Not so long ago, stakeholder management was merely about dealing with various parties’ issues as they arose. There was a vague understanding of the people involved and if a problem occurred, the project manager would cross that bridge when the time came.
Lately, stakeholder management has become more sophisticated, taking up a greater amount of time and effort up front. Recognising that people are the project is the first step towards stakeholder engagement. Beyond that, it’s a way to ensure that issues are heard at the beginning so that they can be addressed in the project plan and realised as a benefit upon closure.
Stakeholders are the people, groups or organisations affected by a project and/or its outcomes. In infrastructure projects, by its nature as a means to enable operation, this definition gets a good workout because of the sheer number and diversity of stakeholders involved.
Arguably the most important stakeholder group in an infrastructure project is the end user as this party is usually the collective sum of the other stakeholder groups, which could include government, private companies, contractors and project team members.
In government-led infrastructure projects, the public is most often the end user, hence this broad category can prove problematic when in comes to understanding, engaging and managing stakeholders.
Kieran Duck, program manager with specialist largescale training and consulting firm 2nd Road, says it’s a matter of tame and wicked. Tame problems are those where everyone agrees on the problem, the solution and when the solution has worked. Wicked problems are those suffering from the fragmentation wrought by too many stakeholders.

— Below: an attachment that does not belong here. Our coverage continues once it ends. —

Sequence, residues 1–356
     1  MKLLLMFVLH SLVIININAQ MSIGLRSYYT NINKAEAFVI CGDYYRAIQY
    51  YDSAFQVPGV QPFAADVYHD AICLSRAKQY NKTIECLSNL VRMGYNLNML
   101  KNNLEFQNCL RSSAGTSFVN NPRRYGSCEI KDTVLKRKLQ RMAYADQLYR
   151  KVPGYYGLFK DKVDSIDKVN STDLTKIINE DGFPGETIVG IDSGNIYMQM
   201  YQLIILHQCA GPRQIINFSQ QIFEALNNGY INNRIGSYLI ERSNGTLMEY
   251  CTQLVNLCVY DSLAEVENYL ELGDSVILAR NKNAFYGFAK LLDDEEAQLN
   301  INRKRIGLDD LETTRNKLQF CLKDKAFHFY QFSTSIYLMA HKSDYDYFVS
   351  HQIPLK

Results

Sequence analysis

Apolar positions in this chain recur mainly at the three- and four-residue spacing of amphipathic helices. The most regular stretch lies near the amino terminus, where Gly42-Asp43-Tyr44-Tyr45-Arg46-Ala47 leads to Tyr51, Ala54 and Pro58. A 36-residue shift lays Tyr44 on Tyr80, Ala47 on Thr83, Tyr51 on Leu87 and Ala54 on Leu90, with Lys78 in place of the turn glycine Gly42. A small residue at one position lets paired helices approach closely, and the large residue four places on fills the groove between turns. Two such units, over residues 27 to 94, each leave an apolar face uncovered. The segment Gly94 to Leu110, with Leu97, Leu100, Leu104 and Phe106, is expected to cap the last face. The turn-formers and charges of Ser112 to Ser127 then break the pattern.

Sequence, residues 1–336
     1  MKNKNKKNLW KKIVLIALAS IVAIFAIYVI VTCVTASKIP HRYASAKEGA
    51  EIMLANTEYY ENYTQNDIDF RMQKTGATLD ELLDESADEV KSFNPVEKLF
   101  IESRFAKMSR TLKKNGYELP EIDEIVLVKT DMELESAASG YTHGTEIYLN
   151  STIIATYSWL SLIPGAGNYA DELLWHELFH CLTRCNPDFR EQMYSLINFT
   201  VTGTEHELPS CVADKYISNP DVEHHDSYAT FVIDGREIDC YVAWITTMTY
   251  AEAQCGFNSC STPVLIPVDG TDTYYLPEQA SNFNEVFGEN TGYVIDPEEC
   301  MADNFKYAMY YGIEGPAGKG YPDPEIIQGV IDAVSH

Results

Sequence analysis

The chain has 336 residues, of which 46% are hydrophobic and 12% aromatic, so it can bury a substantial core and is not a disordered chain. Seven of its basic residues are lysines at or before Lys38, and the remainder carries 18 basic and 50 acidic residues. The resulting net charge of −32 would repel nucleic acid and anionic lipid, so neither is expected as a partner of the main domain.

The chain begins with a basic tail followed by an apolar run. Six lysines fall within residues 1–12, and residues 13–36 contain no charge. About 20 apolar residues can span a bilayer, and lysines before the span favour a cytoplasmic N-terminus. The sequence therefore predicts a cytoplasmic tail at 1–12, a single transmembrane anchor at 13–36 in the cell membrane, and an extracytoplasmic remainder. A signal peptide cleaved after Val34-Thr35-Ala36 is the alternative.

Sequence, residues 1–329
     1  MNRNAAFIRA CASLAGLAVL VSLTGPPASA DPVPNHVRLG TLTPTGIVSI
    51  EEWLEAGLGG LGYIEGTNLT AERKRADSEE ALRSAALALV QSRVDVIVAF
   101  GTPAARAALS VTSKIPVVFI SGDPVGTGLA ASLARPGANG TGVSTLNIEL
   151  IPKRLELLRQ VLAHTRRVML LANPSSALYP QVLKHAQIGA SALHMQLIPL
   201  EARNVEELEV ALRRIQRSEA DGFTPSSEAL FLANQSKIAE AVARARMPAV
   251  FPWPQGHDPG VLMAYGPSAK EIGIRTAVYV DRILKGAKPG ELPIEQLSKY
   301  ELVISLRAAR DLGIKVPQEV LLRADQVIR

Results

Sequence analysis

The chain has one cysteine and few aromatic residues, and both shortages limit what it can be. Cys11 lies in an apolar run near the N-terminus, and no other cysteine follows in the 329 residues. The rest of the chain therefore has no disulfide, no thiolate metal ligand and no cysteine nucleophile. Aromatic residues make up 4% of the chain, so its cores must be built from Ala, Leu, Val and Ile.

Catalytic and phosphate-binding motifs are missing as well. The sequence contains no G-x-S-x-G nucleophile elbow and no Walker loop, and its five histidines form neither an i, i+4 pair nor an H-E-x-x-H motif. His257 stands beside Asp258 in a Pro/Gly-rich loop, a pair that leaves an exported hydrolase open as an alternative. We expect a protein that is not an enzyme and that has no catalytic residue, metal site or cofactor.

“On an infrastructure project you get a greater degree of wickedness, these multiple world views that you have to deal with,” he explains. “There isn’t a right answer when it comes to what you’re presenting, particularly exacerbated on infrastructure projects. Often the public is involved, or special interest groups. infrastructure projects are big, they are expensive, so whoever’s financing it also comes in with a different dimension.”
Project managers must be disciplined about understanding who the real users are, and becoming their advocate, to match the type of communication required. The key is to design it well by identifying the different stakeholder groups and the type of information they need, and being consistent in that message, Duck believes.
“Often the communication or the reporting just occurs. Project managers start writing reports instead of standing back and actively designing it, so you get this disconnect between what the people want and what they’re getting. Step back and think of the individual stakeholders and think what they need.”
Popping the question
Duck’s colleague Quinn Chow is a design practitioner who specialises in creating stakeholder value through project leadership. He says the premise of any stakeholder management model is to find the common ground: “It’s sticking to the single truth that all stakeholders can agree to upfront and keeping it top of mind.”
In many cases, the argument for ‘public good’ tends to lead the project in the right direction, which then helps stakeholders focus on a ‘project first’ approach. At the start of a project, project managers should gauge stakeholder motivations.